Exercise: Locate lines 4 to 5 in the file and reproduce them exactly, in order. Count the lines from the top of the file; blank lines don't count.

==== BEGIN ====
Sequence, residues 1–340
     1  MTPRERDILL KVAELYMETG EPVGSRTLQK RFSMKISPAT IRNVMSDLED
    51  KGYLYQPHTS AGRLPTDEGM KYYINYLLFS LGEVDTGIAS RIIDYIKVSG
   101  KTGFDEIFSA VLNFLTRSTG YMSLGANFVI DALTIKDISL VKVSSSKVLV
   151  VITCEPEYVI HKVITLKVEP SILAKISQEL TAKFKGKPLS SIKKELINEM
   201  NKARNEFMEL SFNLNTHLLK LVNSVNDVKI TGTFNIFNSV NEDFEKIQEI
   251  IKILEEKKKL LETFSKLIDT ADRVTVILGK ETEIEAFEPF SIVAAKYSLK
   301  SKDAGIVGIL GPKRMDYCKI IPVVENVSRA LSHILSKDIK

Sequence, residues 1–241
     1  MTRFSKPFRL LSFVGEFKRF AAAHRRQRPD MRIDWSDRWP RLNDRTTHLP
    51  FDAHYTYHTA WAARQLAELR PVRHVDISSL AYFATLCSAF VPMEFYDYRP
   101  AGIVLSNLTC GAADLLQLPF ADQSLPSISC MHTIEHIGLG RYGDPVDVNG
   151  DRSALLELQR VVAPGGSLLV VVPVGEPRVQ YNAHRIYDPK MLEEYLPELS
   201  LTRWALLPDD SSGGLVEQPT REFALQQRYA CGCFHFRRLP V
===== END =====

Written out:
   101  KTGFDEIFSA VLNFLTRSTG YMSLGANFVI DALTIKDISL VKVSSSKVLV
   151  VITCEPEYVI HKVITLKVEP SILAKISQEL TAKFKGKPLS SIKKELINEM